Bears (Documentary Review)

Unlike the last documentary that was more of a slideshow, this one was a little more insightful. Bears is a 2004 documentary made by the National Wildlife Federation, showing the many different species of bears around Canada, their habitat as well as threats to these animals of power.

The documentary starts with a Narrator (Tyrone Benskin) describing how  species of bears are slowly becoming endangered.  Out in Alaska, a pilot and environmentalist known as Kris Day goes into the mountains every spring to see how the brown bears are getting along. Kris hangs out with bears year after year and even names them. Next the Narrator describes how a black bear has survived a long time without food. As the mother black bear slides down a mountain searching for food, her two cubs get to explore their large habitat as they get older.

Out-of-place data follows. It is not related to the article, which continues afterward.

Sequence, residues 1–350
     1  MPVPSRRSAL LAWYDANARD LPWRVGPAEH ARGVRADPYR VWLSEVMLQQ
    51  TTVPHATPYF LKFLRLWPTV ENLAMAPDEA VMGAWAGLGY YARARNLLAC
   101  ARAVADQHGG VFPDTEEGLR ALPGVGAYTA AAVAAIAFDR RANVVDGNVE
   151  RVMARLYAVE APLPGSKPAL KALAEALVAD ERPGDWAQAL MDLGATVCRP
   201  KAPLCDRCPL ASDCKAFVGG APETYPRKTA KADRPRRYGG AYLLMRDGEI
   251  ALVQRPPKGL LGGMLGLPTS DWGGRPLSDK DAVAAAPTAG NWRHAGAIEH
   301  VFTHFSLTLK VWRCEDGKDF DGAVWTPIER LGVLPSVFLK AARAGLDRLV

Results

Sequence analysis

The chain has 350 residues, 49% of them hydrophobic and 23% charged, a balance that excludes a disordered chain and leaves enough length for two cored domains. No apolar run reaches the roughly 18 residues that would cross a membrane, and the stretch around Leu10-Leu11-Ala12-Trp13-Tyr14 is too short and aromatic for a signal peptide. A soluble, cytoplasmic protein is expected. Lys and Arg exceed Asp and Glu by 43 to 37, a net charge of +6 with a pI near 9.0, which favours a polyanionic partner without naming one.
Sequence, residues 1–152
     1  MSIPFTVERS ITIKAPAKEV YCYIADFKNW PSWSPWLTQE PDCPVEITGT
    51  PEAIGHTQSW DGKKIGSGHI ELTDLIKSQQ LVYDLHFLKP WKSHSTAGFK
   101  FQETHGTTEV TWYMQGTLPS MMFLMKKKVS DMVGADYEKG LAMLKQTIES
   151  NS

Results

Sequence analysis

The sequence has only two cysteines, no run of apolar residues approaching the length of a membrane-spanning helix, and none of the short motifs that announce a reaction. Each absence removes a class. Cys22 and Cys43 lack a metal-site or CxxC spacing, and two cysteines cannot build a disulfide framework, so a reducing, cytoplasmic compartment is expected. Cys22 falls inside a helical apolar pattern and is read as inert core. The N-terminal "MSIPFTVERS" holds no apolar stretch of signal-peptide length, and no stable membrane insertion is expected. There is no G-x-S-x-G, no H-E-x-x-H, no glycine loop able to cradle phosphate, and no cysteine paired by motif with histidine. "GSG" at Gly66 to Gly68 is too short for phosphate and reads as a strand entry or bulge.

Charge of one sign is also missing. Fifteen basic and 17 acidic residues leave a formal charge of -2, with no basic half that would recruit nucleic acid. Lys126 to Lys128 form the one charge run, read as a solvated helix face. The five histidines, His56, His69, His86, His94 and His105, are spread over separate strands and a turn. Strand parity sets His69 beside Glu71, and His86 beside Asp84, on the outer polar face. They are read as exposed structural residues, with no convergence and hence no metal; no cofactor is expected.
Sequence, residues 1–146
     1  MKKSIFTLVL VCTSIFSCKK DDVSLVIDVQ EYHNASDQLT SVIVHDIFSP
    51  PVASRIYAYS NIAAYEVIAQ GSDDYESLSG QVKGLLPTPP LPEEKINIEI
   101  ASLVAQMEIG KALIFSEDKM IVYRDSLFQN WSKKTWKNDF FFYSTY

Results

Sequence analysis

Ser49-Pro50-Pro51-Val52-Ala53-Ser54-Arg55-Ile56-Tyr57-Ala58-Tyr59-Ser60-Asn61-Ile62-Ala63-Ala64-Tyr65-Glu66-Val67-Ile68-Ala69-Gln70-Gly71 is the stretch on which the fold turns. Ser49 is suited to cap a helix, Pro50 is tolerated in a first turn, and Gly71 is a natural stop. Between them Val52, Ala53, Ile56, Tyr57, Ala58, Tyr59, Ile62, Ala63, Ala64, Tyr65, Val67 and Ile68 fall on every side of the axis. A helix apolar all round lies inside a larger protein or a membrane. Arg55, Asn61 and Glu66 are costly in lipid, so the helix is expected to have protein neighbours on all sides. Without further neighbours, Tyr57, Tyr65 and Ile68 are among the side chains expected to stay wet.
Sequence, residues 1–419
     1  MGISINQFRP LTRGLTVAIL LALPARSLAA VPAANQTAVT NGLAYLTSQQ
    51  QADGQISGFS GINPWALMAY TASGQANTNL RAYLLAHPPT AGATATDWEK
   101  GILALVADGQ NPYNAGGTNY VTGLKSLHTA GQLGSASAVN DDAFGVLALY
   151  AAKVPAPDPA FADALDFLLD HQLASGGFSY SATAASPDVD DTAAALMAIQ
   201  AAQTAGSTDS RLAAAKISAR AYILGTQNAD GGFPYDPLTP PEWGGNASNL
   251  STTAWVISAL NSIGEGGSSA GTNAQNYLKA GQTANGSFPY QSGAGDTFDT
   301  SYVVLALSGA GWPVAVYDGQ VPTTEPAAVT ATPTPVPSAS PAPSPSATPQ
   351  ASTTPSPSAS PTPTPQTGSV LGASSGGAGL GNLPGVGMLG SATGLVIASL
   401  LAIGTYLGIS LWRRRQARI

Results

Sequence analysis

The Narrator later on describes how the polar bears come out when spring thaws and the male polar bears playfully fight while hunting for food. It’s also described how the natives saw these bears as animals with special powers of healing. The rest of the documentary shows how bears around the world live their life throughout the seasons, with  many other details about the bears’ lifestyle, plus Kris giving tours to visitors in Alaska.

I find this film very informative and fascinating. I quite enjoyed all the details in this documentary. The footage captured is intense and this documentary had a lot of substance to it.

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